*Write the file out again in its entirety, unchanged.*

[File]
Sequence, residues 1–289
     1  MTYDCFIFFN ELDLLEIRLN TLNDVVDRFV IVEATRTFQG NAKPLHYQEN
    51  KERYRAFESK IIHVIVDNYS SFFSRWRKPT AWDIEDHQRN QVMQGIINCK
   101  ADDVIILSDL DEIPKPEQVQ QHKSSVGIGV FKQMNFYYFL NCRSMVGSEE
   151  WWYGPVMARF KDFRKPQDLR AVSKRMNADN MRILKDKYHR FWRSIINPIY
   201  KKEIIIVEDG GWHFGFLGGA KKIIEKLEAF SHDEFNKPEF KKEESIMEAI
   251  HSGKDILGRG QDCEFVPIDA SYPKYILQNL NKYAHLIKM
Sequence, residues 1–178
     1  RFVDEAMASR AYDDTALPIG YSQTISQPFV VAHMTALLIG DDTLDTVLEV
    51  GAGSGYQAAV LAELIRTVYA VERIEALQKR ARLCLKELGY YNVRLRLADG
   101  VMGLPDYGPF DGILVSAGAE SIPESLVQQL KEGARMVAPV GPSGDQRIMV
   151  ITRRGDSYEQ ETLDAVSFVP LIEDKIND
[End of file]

Sequence, residues 1–289
     1  MTYDCFIFFN ELDLLEIRLN TLNDVVDRFV IVEATRTFQG NAKPLHYQEN
    51  KERYRAFESK IIHVIVDNYS SFFSRWRKPT AWDIEDHQRN QVMQGIINCK
   101  ADDVIILSDL DEIPKPEQVQ QHKSSVGIGV FKQMNFYYFL NCRSMVGSEE
   151  WWYGPVMARF KDFRKPQDLR AVSKRMNADN MRILKDKYHR FWRSIINPIY
   201  KKEIIIVEDG GWHFGFLGGA KKIIEKLEAF SHDEFNKPEF KKEESIMEAI
   251  HSGKDILGRG QDCEFVPIDA SYPKYILQNL NKYAHLIKM
Sequence, residues 1–178
     1  RFVDEAMASR AYDDTALPIG YSQTISQPFV VAHMTALLIG DDTLDTVLEV
    51  GAGSGYQAAV LAELIRTVYA VERIEALQKR ARLCLKELGY YNVRLRLADG
   101  VMGLPDYGPF DGILVSAGAE SIPESLVQQL KEGARMVAPV GPSGDQRIMV
   151  ITRRGDSYEQ ETLDAVSFVP LIEDKIND